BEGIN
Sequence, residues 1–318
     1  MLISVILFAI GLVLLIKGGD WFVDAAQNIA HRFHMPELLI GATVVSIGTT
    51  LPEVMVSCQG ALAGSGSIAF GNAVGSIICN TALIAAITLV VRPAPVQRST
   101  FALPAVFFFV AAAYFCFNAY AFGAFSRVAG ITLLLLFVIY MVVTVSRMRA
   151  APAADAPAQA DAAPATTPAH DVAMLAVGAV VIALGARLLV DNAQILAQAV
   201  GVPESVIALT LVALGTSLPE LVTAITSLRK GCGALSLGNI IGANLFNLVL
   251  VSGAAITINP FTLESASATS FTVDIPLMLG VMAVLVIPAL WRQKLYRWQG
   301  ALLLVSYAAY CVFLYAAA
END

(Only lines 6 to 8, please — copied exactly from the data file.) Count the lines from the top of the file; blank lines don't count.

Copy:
   201  GVPESVIALT LVALGTSLPE LVTAITSLRK GCGALSLGNI IGANLFNLVL
   251  VSGAAITINP FTLESASATS FTVDIPLMLG VMAVLVIPAL WRQKLYRWQG
   301  ALLLVSYAAY CVFLYAAA